Skip to main content

Nikon D4 announced: 16.2MP full-frame DSLR for $5,999.95 in February

Nikon D4 announced: 16.2MP full-frame DSLR for $5,999.95 in February


After many rumors and much speculation, Nikon finally announced the D4, its latest flagship DSLR.

Share this story

Nikon D4
Nikon D4

We heard the rumors. And the other rumors. And the slightly more official rumors. But now, more than two years after Nikon released the D3s, the company has officially announced the D4, its new flagship DSLR. The new full-frame shooter will be available in February for $5,999.95 in the US, £4,799.99 £5,289.99 in the UK, and €5,658 in Europe. The latter two territories will get the D4 on February 16th, the same date as Japan, so it sounds like a good day to circle on US calendars as well.

Externally, it's a slight ergonomic tweak and build-quality upgrade to the D3s, with an improved vertical grip, backlit buttons, a slightly larger 3.2-inch LCD, an inclined shutter release, and a control layout that closely mimics the D7000. There's also an Ethernet port on the D4, which can be used to tether the camera to a computer — you can also attach the new WT-5A wireless accessory, which lets you transmit images wirelessly via FTP, or control the camera remotely. Nikon says it's working on native apps for iOS and Android to let you control the camera with your smartphone, but the camera's web interface has also been tailored to work well on the iPad and iPhone.

On the inside, the DSLR is a much larger upgrade. There's a 16.2-megapixel FX format CMOS sensor inside, measuring 36.0 x 23.9mm. It has a native ISO of up to 12,800, higher than was originally rumored, and is expandable to 204,800. The camera is faster than ever, too, thanks to Nikon's new Expeed 3 processor — reps said the D4 will boot in .012 seconds, has .042-second shutter lag, and will shoot at 11 frames per second, one faster than the D3s. The Expeed 3 processor also improves autofocus performance, which still has 51 points but can use phase detection in even worse lighting conditions. (The autofocus system upgrade also now supports any Nikon lens up to f/8, which is pretty much all of them.) The RGB metering sensor has been bumped up to 91,005 pixels, which makes metering far better, particularly on small subjects. Live View and Movie mode autofocus have both been improved as well — which any D3s user knows is not a moment too soon — though it's still contrast-detect autofocus.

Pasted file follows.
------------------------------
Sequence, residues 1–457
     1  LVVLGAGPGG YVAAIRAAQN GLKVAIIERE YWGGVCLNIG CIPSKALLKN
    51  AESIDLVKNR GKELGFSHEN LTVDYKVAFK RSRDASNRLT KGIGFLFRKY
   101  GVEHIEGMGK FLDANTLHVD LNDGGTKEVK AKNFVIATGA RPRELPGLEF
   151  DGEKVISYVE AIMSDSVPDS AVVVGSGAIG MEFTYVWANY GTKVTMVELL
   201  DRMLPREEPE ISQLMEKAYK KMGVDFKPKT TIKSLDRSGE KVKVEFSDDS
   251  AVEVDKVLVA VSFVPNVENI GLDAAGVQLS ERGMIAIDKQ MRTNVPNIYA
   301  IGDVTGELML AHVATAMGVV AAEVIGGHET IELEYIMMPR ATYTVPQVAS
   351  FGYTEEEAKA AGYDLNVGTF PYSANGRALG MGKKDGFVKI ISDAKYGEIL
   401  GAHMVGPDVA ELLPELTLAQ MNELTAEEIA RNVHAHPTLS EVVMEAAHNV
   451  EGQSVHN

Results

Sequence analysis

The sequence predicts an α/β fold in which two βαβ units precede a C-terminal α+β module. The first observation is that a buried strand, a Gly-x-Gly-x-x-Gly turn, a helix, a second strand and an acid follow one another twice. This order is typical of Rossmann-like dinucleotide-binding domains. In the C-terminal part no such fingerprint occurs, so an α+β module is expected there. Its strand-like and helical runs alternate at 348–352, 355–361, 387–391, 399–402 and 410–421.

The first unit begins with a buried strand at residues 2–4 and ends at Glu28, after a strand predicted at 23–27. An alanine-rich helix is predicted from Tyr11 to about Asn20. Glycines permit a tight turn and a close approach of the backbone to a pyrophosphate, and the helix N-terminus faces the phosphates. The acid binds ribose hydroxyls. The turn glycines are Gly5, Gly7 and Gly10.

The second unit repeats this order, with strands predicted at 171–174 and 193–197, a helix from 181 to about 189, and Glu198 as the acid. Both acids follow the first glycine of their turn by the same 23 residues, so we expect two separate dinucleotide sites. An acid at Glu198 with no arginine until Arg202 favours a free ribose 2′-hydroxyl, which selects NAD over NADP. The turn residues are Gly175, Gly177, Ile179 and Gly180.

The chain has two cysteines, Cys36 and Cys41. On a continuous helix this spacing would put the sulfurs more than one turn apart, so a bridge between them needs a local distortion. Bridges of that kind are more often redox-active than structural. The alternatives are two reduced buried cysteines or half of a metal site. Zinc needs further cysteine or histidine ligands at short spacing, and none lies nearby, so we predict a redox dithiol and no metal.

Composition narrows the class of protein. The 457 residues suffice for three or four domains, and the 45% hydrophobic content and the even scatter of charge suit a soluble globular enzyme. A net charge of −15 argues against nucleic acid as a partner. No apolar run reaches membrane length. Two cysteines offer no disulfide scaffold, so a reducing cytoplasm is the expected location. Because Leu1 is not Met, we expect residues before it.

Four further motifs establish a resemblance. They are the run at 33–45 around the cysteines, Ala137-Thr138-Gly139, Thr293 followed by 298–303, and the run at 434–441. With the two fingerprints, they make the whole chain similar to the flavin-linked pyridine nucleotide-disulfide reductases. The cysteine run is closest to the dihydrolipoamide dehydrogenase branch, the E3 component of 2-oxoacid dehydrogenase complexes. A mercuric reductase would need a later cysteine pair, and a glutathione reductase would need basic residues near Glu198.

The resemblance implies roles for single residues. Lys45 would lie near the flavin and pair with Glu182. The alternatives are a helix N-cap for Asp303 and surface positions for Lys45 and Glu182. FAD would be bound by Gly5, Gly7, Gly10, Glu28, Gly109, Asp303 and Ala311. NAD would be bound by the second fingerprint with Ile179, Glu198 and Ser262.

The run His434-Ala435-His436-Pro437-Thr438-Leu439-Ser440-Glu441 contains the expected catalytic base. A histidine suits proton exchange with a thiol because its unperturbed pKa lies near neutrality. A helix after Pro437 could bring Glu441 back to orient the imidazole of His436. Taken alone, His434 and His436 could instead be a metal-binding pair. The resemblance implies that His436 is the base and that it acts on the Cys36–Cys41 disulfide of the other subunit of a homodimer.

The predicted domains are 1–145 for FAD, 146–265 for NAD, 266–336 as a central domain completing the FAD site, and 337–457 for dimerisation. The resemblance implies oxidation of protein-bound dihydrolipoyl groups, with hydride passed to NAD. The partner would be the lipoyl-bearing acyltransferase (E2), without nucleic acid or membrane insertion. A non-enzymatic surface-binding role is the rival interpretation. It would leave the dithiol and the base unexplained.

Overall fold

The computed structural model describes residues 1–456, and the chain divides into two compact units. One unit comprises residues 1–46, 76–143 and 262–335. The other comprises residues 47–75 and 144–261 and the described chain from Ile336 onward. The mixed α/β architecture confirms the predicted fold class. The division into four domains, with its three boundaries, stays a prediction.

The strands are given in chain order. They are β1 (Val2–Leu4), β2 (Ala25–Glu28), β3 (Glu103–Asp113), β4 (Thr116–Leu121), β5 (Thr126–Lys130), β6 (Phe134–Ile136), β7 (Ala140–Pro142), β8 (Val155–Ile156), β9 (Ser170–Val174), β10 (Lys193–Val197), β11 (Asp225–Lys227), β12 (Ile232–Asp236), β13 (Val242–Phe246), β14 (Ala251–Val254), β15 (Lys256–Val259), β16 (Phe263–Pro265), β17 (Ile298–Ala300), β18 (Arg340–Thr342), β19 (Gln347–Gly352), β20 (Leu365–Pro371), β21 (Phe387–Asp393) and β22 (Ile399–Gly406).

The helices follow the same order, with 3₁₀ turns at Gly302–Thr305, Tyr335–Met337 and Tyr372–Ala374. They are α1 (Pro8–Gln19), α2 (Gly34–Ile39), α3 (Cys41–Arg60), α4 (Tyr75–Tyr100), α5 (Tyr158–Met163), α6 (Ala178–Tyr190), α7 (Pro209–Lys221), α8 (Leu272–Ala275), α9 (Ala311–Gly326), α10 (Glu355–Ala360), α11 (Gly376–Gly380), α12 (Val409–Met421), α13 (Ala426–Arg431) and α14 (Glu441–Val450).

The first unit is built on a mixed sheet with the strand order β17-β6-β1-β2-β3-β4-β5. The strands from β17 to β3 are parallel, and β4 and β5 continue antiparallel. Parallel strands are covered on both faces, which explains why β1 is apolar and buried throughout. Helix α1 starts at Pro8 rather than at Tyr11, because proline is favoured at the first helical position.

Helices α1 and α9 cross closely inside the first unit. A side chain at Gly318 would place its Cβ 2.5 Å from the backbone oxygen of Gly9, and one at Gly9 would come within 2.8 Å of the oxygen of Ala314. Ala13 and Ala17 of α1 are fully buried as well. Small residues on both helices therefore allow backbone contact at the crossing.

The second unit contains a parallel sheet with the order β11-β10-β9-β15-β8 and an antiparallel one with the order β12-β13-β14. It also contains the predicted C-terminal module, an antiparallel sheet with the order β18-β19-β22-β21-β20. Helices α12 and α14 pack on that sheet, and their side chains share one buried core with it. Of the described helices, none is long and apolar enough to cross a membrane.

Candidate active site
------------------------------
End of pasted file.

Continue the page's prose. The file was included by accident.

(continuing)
Video performance in general was clearly high on Nikon's list for the D4's functionality. The new shooter captures 1080p30, 1080p24, and 720p60 video, and Nikon has added smooth aperture adjustment as well as three different crops for video, up to 2.7x — that means you can shoot 1080p video, and give it the appearance of being zoomed a long way without any special optics. There's a new 20-level audio metering system, plus a headphone jack with 30-level adjustment so you can monitor straight from the camera. Apparently Nikon had some processing power to spare, too, because you can stream a full, uncompressed 720p signal out of the camera through its HDMI port, and view it on the camera simultaneously.

Nikon also introduced a new lens to its lineup today, the AF-S Nikkor 85mm f/1.8G. It offers internal focusing, silent motors, and a 7-blade diaphragm. Its minimum focusing distance is surprisingly long, at 2.5 feet, so it's definitely a specialty lens. It'll be available in February, for $499.95 — that is, if you have any money left after spending six large on the D4. To learn even more about the Nikon D4, check out our hands-on preview.

Update: Nikon has let us know that the UK price quoted here is inaccurate, and that the D4 will cost £5289.99 when it launches — an increase of £490, or around 10 percent. However, pre-orders placed before March 24th will remain at the original lower price.

See a comparison of the D4 against the D3s, D3x, Canon EOS-1DX, EOS 5D Mark II, and Sony Alpha A900 right here.

Nikon D4 press pictures